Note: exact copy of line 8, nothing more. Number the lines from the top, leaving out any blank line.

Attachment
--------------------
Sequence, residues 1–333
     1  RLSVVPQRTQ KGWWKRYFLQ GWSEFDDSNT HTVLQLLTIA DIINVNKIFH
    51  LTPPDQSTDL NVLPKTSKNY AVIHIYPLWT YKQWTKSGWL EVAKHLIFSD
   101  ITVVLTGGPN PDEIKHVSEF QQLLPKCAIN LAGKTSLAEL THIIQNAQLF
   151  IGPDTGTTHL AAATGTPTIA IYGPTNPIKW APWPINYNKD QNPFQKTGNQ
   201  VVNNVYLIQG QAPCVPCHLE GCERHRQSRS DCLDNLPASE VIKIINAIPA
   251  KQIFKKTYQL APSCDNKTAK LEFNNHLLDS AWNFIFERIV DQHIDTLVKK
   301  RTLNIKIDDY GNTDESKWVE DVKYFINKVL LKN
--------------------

   301  RTLNIKIDDY GNTDESKWVE DVKYFINKVL LKN